Some time after the first of the year I plan to select another kit to build and sell turn key so I decided on the Kam Aero Extra 300. I sent them a message but I haven't received a response yet. I think there will be a few guys at the club field that would be very intrigued with the kits quality.

Build is looking good as usual.

Brian
OPflying is offline Find More Posts by OPflying
Reply With Quote Quick reply to this message
Old 11-22-2019, 04:08 PM
tom wheeler is online now
Find More Posts by tom wheeler
Registered User
tom wheeler's Avatar
United States, MI, Auburn Hills
Joined Apr 2006
1,453 Posts
Brian, hope your wife is getting better.

As for the Kam Aero you will not be disappointed, kit quality second to none. I'm sure Can will get back to you soon, it's hunting season....

Ron and I worked today plus Ralph came by for visit, we got much done. Our report will come out in the morning, had to get to Roush to get my driving assignment for tonight.

Tom
tom wheeler is online now Find More Posts by tom wheeler
Reply With Quote Quick reply to this message
Old 11-22-2019, 09:58 PM
DGrant is online now
Find More Posts by DGrant
Just havin' fun!
DGrant's Avatar
United States, CA, Clovis
Joined Apr 2006
573 Posts
I'm leaning heavy to the Kam Aero at this point myself. I've got a 100cc ARF I'm working on, and another 100cc I'm flying, but the Kam Aero is starting to really grow on me.
My next plane will be a big guy. I think I've got decent planes to compete next year, but I'm looking ahead now.

I talked to a few pilots at SW Regional Finals at Lake Havasu last weekend, and they spoke very highly of the Kam Aero, as well I saw a few at the Tuscon Shootout last month. Very nice planes, and this thread is the best manual on the planet for building one!

Will be following progress on this next KA as well.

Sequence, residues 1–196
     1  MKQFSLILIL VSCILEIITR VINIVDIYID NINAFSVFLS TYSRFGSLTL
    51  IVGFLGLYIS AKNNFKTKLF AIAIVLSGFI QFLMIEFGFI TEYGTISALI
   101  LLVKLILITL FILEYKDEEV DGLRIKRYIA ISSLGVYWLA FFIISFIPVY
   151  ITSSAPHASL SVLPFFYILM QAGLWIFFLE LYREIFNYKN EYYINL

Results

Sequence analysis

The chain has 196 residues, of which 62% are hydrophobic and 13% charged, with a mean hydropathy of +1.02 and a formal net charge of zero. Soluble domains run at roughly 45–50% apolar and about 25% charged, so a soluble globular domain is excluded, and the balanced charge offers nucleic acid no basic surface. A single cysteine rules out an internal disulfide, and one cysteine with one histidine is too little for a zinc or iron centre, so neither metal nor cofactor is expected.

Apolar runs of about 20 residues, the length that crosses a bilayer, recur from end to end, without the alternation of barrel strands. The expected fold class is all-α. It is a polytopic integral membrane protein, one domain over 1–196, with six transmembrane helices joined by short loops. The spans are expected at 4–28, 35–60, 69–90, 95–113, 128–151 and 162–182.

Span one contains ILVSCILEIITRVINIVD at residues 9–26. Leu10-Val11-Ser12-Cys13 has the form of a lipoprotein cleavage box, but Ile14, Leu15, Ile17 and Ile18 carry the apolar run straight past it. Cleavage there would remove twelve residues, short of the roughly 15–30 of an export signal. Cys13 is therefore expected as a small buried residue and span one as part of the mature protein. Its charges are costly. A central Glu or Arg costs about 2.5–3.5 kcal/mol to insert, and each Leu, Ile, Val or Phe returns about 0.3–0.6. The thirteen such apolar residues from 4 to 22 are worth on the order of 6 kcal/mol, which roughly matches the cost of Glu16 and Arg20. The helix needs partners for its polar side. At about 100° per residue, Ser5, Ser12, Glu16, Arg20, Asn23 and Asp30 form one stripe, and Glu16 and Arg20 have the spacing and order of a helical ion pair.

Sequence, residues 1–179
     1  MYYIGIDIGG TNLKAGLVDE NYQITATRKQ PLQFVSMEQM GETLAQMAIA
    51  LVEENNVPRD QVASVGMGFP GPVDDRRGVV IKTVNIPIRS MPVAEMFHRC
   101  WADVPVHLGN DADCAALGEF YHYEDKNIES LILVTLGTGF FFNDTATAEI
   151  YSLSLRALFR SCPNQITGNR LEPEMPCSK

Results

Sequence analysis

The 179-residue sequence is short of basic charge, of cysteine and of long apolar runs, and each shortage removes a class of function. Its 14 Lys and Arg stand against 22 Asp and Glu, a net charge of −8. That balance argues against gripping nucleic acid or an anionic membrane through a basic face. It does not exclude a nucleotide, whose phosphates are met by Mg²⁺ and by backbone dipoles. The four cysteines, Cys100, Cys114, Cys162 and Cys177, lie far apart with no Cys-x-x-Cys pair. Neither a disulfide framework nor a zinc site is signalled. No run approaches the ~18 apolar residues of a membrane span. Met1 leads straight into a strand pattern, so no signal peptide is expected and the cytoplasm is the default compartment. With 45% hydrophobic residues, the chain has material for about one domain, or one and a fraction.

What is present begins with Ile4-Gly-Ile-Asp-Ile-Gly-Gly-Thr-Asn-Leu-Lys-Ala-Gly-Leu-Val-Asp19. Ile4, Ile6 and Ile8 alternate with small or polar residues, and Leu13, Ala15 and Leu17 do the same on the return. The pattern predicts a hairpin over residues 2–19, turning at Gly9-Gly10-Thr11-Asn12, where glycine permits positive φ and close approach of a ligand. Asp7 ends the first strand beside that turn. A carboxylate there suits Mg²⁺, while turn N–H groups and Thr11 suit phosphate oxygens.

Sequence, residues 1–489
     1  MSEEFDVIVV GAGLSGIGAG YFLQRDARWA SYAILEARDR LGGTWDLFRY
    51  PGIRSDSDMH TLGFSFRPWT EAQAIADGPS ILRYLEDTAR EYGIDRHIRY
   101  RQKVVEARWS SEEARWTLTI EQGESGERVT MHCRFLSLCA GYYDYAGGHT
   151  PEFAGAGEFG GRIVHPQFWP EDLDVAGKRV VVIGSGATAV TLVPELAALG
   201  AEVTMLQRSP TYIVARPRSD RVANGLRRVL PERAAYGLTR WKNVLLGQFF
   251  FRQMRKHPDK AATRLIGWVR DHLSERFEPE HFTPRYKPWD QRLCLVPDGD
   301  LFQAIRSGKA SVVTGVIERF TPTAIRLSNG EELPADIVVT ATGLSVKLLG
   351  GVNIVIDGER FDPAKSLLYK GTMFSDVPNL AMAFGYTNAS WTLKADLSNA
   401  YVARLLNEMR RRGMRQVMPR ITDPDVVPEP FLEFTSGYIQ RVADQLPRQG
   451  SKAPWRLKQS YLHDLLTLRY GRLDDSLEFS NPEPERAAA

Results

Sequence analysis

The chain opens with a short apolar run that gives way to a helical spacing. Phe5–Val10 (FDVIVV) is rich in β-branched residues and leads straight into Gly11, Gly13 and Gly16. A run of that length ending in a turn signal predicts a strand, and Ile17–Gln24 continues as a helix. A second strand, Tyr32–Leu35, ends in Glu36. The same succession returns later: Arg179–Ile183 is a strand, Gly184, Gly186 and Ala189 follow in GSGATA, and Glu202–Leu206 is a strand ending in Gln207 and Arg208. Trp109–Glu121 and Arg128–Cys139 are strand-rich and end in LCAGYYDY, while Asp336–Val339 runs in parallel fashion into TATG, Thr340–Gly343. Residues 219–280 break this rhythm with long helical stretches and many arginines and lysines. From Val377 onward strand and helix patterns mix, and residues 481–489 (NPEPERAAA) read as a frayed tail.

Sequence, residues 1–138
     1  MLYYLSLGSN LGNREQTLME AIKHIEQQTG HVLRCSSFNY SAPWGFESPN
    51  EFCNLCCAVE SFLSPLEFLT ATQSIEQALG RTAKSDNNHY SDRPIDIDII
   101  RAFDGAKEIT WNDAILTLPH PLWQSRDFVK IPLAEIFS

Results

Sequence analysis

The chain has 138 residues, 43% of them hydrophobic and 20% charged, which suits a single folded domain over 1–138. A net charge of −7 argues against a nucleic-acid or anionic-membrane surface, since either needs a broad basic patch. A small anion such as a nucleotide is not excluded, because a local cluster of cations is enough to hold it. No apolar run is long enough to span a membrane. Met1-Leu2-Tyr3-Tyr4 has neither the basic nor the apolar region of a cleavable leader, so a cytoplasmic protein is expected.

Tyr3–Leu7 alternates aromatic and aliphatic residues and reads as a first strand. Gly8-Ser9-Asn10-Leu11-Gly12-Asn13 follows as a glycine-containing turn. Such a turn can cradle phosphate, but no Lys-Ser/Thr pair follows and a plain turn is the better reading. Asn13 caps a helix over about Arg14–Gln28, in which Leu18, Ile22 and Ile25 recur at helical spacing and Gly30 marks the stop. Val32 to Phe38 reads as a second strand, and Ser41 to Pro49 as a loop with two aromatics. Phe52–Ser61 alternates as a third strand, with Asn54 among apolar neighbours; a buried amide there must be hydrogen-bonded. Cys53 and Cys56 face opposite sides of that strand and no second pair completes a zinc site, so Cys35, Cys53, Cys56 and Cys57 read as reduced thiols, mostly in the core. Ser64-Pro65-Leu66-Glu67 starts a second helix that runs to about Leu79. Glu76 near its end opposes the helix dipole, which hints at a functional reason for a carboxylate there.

(PS... I took first place in the SW Regional Points Series this year in Basic(first year in IMAC)... so... I think there's something in my future in IMAC, it was just too fun!... I'm hooked!!)
DGrant is online now Find More Posts by DGrant
Reply With Quote Quick reply to this message
Old 11-22-2019, 09:59 PM
STLAV8R is offline
Find More Posts by STLAV8R
Team Twisted!
STLAV8R's Avatar
United States, MO, St Louis
Joined Mar 2006
5,663 Posts
Quote:
Originally Posted by tom wheeler View Post
Brian, hope your wife is getting better.

As for the Kam Aero you will not be disappointed, kit quality second to none. I'm sure Can will get back to you soon, it's hunting season....

Ron and I worked today plus Ralph came by for visit, we got much done. Our report will come out in the morning, had to get to Roush to get my driving assignment for tonight.

Tom
Tom, how does the Kam Aero compare to a Carden and Dalton?
STLAV8R is offline Find More Posts by STLAV8R
Reply With Quote Quick reply to this message
Old 11-23-2019, 07:29 AM
OPflying is offline
Find More Posts by OPflying
Registered User
United States, FL, Orange Park
Joined Feb 2018
45 Posts
Tom, she is nearly back to her old self again finally and goes back to work soon. Cam did get back with me and I will be getting in touch again later Saturday afternoon.


Brian

Quote:
Originally Posted by tom wheeler View Post
Brian, hope your wife is getting better.

As for the Kam Aero you will not be disappointed, kit quality second to none. I'm sure Can will get back to you soon, it's hunting season....